You choose, we deliver
If you are interested in this story, you might be interested in others from The Journal Gazette. Go to and pick the subjects you care most about. We'll deliver your customized daily news report at 3 a.m. Fort Wayne time, right to your email.



‘Django’ producer loving Oscar ride


– Reginald Hudlin, director of films like “Boomerang” and “House Party,” never expected to be going to the Oscars as a best-picture-nominated producer of a slavery-era spaghetti Western by Quentin Tarantino.

“I didn’t think it was happening when it was happening,” Hudlin says, laughing.

The wide-ranging career of the 51-year-old filmmaker has included a three-year stint as president of entertainment for BET, executive producing TV shows like “The Boondocks,” writing the Marvel comic book “Black Panther” and directing episodes of “Modern Family” and “Everybody Hates Chris.” So when Tarantino called up Hudlin to ask if he wanted to help produce “Django,” he was stunned.

“Quite frankly, I just didn’t believe him,” Hudlin recalled in an interview. But Hudlin had long known Tarantino, who told him that a conversation they had had years earlier about Hollywood’s depictions of slavery (or lack thereof) helped lead Tarantino to write “Django.”

A week later, Hudlin was in Louisiana scouting locations for the film that would eventually land five Academy Awards nominations and gross more than $340 million worldwide. He shares the best picture nomination with producers Stacey Sher (who produced Tarantino’s “Pulp Fiction”) and Pilar Savone (who has risen in Tarantino’s productions since being the director’s assistant on “Kill Bill”).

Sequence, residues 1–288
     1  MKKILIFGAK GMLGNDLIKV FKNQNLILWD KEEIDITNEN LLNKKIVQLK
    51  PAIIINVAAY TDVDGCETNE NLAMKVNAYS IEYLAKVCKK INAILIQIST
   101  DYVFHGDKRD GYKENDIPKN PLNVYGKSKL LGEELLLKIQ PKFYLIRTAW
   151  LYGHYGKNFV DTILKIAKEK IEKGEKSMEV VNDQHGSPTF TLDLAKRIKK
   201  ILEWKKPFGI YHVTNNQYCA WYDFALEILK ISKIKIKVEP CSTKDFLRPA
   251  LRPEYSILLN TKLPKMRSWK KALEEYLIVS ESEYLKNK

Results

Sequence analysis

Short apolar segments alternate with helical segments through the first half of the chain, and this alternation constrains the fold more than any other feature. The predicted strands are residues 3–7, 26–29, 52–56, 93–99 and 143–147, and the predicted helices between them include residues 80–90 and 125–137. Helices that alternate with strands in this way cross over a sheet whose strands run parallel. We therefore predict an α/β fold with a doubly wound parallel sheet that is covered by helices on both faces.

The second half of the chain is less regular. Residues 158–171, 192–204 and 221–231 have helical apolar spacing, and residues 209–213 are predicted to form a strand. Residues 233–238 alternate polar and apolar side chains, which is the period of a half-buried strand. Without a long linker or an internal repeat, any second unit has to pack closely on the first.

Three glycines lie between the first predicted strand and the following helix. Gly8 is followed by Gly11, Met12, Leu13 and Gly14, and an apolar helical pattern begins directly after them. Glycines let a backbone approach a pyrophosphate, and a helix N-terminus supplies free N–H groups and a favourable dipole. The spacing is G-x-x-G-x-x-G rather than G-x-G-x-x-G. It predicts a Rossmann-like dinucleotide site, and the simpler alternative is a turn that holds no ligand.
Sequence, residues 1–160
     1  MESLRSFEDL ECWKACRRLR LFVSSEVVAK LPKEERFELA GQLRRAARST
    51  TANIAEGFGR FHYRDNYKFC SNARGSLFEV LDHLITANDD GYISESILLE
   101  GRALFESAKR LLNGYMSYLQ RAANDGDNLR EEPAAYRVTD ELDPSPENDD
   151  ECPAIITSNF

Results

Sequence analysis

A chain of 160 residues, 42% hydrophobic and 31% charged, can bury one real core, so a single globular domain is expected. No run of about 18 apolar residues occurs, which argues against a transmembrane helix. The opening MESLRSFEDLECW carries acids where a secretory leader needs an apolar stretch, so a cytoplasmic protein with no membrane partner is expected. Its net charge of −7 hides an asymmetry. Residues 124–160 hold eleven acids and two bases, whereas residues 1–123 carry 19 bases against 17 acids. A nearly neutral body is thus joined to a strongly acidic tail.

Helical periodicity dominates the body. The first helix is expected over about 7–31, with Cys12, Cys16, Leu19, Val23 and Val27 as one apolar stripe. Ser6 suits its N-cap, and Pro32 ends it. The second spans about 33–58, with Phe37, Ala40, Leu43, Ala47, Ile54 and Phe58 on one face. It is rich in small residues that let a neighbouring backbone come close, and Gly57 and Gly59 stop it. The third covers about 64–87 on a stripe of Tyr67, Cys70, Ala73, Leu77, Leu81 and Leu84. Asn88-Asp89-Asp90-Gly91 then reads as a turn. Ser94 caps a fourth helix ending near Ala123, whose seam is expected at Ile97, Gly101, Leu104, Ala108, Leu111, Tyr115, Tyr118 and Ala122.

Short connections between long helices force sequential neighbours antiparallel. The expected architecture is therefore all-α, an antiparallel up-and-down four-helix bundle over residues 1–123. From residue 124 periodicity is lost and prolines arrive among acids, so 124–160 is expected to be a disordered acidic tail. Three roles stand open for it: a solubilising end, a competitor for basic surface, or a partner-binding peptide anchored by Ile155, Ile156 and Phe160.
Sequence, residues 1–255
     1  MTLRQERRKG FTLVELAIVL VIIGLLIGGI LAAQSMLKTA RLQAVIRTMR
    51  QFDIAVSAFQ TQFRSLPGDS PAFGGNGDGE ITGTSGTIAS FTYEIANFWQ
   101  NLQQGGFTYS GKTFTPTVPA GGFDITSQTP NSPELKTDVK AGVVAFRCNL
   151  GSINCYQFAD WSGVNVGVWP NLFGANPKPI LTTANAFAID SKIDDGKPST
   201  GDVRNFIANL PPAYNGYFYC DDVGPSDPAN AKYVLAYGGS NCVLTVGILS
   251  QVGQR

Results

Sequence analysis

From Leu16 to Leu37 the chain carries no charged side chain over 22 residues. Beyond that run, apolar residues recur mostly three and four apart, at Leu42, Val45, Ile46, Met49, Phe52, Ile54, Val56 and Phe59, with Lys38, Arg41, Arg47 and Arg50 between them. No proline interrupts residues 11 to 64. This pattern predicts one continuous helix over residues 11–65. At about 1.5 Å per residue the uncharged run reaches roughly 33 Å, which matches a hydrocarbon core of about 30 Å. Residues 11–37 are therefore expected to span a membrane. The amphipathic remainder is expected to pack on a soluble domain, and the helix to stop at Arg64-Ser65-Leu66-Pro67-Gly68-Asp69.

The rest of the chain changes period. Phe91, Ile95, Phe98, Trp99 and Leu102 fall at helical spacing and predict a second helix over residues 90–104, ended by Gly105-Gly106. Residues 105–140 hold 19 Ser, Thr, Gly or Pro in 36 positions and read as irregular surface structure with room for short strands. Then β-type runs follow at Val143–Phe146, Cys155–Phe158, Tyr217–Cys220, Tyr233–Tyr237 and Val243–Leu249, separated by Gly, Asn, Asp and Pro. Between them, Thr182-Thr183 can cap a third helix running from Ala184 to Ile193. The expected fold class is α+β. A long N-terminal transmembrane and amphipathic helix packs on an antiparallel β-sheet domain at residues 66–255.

Hudlin is the most prominent African-American behind the scenes of the hit film, which courted the black community ahead of its release and mostly won its support. Spike Lee was one notable exception. (He refused to see it, saying “American slavery was not a Sergio Leone spaghetti Western. It was a holocaust.”) And a limited-edition line of action figures of the film’s characters – including slaves and slave-owners – drew protests and eventually the dolls’ withdrawal from sale.

“We knew from the beginning that we were working with nitroglycerin,” Hudlin says. “Was there a tremendous amount of discussion and conversation and analysis to make sure we were calibrating this thing exactly right? Absolutely. It was explosive material, but I always had confidence that as a team, we would deliver the right movie.”

For Hudlin, “Django” represents the kind of film he’d like to see more of: original movies with multiethnic casts that don’t reuse well-trod genre tropes.

“Django” goes against the conventional thinking that neither films starring black actors nor Westerns can find large audiences abroad. It’s been a huge success internationally, taking in more than $187 million.

The success of “Django” has already spawned much chatter about a possible sequel, which Hudlin grants he’s had “extensive conversations” with Tarantino about. But for now, he’s planning to just enjoy the Oscars, which he’ll attend with his wife and mother.